Ancient burials unearthed at the site of a new school in Somerton are shedding significant new light on life and death in Roman Somerset.

Archaeologists working on the Somerset County Council-owned land have discovered some 50 burials dating from the Roman period (43-410 AD) on the site of the new school that will replace the current King Ina Junior and Infants’ schools.

The burials were of adults and children and included grave goods such as pottery and brooches.

The South West Heritage Trust has overseen the excavations and archaeologist Steve Membery said: “This site is a significant discovery – the most comprehensive modern excavation of a Roman cemetery in Somerset.

“The application of technology including aerial drones and techniques such as isotope and ancient DNA analysis offers major opportunities for insights into the lives of the Roman population of Somerton”.

The form of the burials is unusual locally and sheds lights on the transition between Iron Age and Roman society.

“The individuals were evidently of some status in native society”, said Mr Membery. “The burials also show early adoption of Roman burial practices, such as offerings, alongside traditionally Iron Age characteristics.”

The graves were dug into the bedrock and lined with stone ‘curbs’ to create a coffin structure. These were then sealed with flat lias slabs, while others have an uncommon ‘tented’ roof. Traces of Iron Age roundhouses, and field systems, and of a Roman building, are also evident.

Work on the new 420-pupil, 14-class school had to be delayed while experts from Wessex Archaeology dug the site – and unearthed the fascinating discoveries. Now the field work has been completed, construction by BAM Construction is expected to start later in January.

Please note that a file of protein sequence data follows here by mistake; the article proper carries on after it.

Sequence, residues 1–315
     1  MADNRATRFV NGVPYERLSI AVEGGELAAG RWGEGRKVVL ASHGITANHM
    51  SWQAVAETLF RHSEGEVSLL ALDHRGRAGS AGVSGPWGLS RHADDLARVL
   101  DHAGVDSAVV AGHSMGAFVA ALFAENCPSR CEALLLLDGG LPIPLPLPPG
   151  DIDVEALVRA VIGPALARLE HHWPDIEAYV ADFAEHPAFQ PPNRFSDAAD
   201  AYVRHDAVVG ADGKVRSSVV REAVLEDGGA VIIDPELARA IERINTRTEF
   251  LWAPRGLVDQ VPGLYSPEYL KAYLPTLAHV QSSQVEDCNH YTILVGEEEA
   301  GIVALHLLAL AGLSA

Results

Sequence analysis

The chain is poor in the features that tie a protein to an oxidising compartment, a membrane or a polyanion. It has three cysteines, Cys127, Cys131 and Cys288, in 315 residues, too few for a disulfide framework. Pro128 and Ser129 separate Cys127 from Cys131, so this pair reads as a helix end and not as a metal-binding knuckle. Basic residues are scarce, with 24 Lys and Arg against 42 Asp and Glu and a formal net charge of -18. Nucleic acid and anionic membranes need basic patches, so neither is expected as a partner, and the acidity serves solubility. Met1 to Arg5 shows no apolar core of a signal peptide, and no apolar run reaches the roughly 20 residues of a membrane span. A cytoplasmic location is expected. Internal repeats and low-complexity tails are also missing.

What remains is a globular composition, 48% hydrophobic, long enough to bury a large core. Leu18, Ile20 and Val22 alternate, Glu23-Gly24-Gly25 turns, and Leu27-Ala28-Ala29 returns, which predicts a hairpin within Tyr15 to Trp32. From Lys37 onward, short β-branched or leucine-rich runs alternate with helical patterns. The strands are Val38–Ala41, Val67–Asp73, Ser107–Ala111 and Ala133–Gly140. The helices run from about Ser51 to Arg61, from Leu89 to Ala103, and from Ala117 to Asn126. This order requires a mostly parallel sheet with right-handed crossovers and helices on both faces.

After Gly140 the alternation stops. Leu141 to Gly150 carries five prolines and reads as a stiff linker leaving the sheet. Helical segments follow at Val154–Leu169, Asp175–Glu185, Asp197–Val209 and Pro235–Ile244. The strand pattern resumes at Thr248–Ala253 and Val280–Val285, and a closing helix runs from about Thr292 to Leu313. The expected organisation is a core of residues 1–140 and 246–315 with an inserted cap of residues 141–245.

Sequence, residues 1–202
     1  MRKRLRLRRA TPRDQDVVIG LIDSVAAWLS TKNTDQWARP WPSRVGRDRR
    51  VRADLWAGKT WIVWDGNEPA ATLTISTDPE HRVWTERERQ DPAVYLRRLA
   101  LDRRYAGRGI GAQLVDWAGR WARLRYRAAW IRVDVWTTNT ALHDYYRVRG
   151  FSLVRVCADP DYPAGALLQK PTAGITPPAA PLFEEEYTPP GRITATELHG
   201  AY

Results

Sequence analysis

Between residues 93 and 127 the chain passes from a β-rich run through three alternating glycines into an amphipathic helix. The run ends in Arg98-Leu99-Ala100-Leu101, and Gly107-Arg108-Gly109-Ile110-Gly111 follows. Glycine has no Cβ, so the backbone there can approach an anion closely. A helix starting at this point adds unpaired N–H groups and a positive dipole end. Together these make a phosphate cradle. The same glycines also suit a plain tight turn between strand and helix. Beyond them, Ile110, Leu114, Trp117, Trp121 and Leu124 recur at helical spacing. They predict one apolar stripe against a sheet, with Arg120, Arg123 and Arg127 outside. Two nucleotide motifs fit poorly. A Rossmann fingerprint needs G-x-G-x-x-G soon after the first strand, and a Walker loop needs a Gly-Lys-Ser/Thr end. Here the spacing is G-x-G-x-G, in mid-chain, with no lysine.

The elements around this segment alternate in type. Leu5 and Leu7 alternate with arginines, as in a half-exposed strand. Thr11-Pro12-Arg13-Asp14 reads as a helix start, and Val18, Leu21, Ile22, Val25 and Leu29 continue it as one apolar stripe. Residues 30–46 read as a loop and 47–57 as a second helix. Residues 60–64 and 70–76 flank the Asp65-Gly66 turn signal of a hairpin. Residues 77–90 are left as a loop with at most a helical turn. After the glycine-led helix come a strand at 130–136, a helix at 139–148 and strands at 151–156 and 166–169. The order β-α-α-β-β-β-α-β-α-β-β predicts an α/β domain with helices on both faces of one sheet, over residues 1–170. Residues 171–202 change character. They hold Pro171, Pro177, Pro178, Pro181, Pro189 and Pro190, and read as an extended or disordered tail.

Councillor Faye Purbrick, Cabinet Member for Education and Transformation, said: “The findings are both exciting and extraordinary, providing us with valuable insight into Somerset’s early history. We will be able to understand so much more about the lives of Roman people in Somerton thanks to these discoveries.

“Our team have a great track record of delivering fantastic new schools and while we’d always prefer any delay to be avoided, I think that the students, parents and teachers will understand in this instance, given the scale and importance of the archaeological finds here.

“I am looking forward to seeing another new Somerset school reach the construction stage and would like to thank the school for its support throughout. The children have already had an opportunity to visit the site, hopefully inspiring some future archaeologists, and I’m sure they will be excited to continue to learn more about this very special site.”

The site archaeology has been carefully gathered for further scientific analysis. A full report of the findings will be published in due course. It is hoped that the discoveries can be used to teach pupils about the history of the area, and that the archaeology of the roundhouses can be reflected in the site development.


Photos courtesy of Wessex Archaeology